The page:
Two (11.7%) patients (K8 and K12) were initially suspected of having Cornelia de Lange syndrome based on dysmorphic facial features, such as synophrys and highly arched eyebrows, but mutations in NIPBL were not detected. Patient K8 was ultimately diagnosed with Coffin–Siris syndrome with a de novo novel variant, c.5547delC (p.L1850*), in ARID1B and patient K12 harbored a de novo novel variant, c.1453_1455delGCT (p.A485del), in SMC3, which is related to a mild variant of Cornelia de Lange syndrome with predominant ID.

Patient K9 was initially presumed to have achondroplasia during infancy; however, no mutation was found in FGFR3. Dysmorphic facial features, such as relatively macrocephaly with frontal bossing and micrognathia, were observed (Fig. 1f). Her height was 70 cm (− 2.05 SDS), with markedly short upper and lower extremities. Lower body X-rays demonstrated short tibia and fibula, with no missing or fused bones (Fig. 3a). Phalanges of the hands were short and broad with cone-shaped epiphyses, especially in the 4th proximal phalange (Fig. 3b). A missense mutation, c.2326C>T (p.A776W), in the kinase homology domain of the NPR2 gene was identified in the proband and her father (Fig. 3c).

Fig. 3
figure3

Radiographic image and molecular analysis of patient K9 with acromesomelic dysplasia Maroteaux-type. a Lower extremities X-rays demonstrated a short tibia and fibula, with no missing or fused bones; b phalanges of the hands were short and broad with cone-shaped epiphyses, especially in the 4th proximal phalange marked by yellow arrows; c Sanger sequencing confirmed a missense mutation, c.2326C>T (p.A776W) (NM_003995.3), in the kinase homology domain of the NPR2 gene in the proband and her father. The A776 residue is conserved among species (dark square box). Sequences were aligned using blastp [https://blast.ncbi.nlm.nih.gov/]

Patient K14 displayed SS (− 2.8 SDS), genu varum, rhizomelia, and facial dysmorphism, including small chin, upward nostril, and low nasal bridge (Fig. 1g). His father was Korean and his mother was Japanese. Initially, he was suspected to have skeletal dysplasia. TES revealed a compound heterozygous mutation, c.3716G>A (p.R1239H) and c.7459C>G (p.L2487V), in PCNT responsible for microcephalic osteodysplastic primordial dwarfism (MOPD) type II, inherited from his parents.

Two (11.7%) patients (K13 and K16) were initially suspected to have CATCH22 syndrome based on facial features, but no microdeletion was detected by chromosomal microarray. Patient K13 displayed severe SS (− 4.10 SDS), dysmorphic facial features, such as low set ears, cleft palate, and congenital heart defect. A de novo small deletion (c.998_1000del) in MEIS2 responsible for MEIS2-related syndrome was detected. Patient K16 presented with proportionate SS (− 6.10 SDS) and ID. She had facial dymorphism, such as fished mouth and hypertelorism (Fig. 1j), congenital heart disease, and hydrocephalus. Her mother and two siblings also had ID and similar dysmorphic facial features, such as a fish-mouth appearance, flat nasal bridge with bulbous nasal tip, hypertelorism, and triangular face. A novel missense mutation, c.5444C>T (p.T1815M), in MED13L associated with MED13L syndrome was identified in the proband and her siblings, and this mutation was inherited from her mother (Fig. 4a).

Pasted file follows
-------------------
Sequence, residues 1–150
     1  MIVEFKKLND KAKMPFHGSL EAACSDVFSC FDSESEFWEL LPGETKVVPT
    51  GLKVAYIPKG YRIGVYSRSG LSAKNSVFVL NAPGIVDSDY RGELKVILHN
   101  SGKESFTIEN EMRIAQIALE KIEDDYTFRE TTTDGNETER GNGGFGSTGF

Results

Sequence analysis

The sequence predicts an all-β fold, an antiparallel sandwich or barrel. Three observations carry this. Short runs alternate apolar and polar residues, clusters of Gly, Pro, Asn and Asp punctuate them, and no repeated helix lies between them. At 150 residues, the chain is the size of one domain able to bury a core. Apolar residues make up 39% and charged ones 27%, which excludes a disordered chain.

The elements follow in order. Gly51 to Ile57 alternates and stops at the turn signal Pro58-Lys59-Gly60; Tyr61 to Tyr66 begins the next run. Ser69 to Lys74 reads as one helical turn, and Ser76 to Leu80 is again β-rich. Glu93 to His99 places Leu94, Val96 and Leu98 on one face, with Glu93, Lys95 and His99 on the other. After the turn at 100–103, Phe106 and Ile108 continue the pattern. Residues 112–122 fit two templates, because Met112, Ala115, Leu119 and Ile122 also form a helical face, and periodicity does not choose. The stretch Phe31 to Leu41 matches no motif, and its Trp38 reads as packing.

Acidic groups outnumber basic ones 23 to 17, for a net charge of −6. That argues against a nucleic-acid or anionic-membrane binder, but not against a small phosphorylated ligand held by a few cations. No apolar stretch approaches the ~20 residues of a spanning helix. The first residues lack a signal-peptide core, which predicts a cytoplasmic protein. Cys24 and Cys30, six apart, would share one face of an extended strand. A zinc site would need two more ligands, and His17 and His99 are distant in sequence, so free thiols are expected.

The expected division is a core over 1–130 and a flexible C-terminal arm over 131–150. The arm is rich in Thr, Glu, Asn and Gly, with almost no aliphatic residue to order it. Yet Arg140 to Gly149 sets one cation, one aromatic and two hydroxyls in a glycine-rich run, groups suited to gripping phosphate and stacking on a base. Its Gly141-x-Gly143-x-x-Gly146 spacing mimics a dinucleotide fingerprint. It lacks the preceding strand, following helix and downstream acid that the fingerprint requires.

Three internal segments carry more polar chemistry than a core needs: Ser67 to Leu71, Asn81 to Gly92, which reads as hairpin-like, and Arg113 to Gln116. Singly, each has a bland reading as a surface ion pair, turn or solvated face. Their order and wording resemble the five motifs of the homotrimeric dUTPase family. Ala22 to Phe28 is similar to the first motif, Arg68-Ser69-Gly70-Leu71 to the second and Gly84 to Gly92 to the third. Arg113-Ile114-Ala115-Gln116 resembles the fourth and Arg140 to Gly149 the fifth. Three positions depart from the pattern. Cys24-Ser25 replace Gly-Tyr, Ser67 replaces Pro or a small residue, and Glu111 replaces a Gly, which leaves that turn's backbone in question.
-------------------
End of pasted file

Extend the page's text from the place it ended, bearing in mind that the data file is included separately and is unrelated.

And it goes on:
Fig. 4
figure4

Pedigree and molecular and protein structural analyses of patient K16 with MED13L syndrome. a A novel missense variant, c.5444C>T (p.T1815M) (NM_015335.4), in the MED13L gene, was identified in the mother and three daughters. T1815M is located on the mediator complex subunit 13 C-terminus and is highly conserved across species. Sequences were aligned using blastp [https://blast.ncbi.nlm.nih.gov/]; b wild-type and mutant residues (T185M) in the MED13L protein are shown in light green and are also represented as sticks alongside the surrounding residues, indicating any type of interaction. Red dots represent hydrogen bonds, orange dots indicate weak hydrogen bonds, and green dots hydrophobic contacts. Protein crystallization predicted that the T1815M variant on the surface of the protein affects hydrogen bonds and hydrophobic interactions with a nearby residue to decrease the stability of an alpha-helix. The crystal structure of the domain from wild-type MED13L was generated using SWISS-MODEL [https://swissmodel.expasy.org/] and depicted as a cartoon representation. All structural images were generated using PyMOL (https://pymol.org/)

The comparison of clinical features between genetically positive cases and negative cases are depicted in Additional file 1. The frequency of the dysmorphic face was statistically higher in the positive cases compared to the negative cases (94.1% vs. 52.9%, p = 0.017, odds ratio 13.15).

Diagnostic yield, classification, and characteristics of variants

Among 34 patients with suspected syndromic SS, genetic diseases were identified in 17 patients (50%) when PV, LPV, and VUS are included. However, when only PV and LPV excluding VUS are included, the diagnosis rate was 38.2%. Sixteen (94.1%) underwent a genetic and/or cytological analysis prior to TES. These patients were assessed by Sanger sequencing as well as family member testing and segregation analyses, yielding 19 variants, including 13 (68.4%) novel variants responsible for 15 genetic disorders (Table 2). Nine novel missense variants were predicted to be deleterious by at least one of three bioinformatics algorithms (i.e., SIFT, PolyPhen2, and MutationTaster). With respect to the mode of inheritance, 40% cases were autosomal dominant de novo (6/15), 26.7% were autosomal recessive (4/15), 13.3% were X-linked (2/15), and 13.3% were autosomal dominant with unknown inheritance (2/15). Looking at the distribution of causative variants, pathogenic variants accounted for 21.1% (4/19), likely pathogenic variants accounted for 21.1% (4/19), and VUS accounted for 57.9% (11/19) (Table 2). However, after re-classification by clinical reassessment, such as family member testing and segregation studies, pathogenic variants accounted for 42.1% (8/19), likely pathogenic variants 42.1% (8/19), and VUS 15.7% (3/19) (Table 2). For confirmed causative variants, missense was the most common type, with a frequency of 68.4% (13/19), followed by frame-in/del with a frequency of 26.3% (5/19) and frameshift with a frequency of 5.3% (1/19). Ultra-rare diseases accounted for 12 out of 15 genetic diseases (80%) (Fig. 5).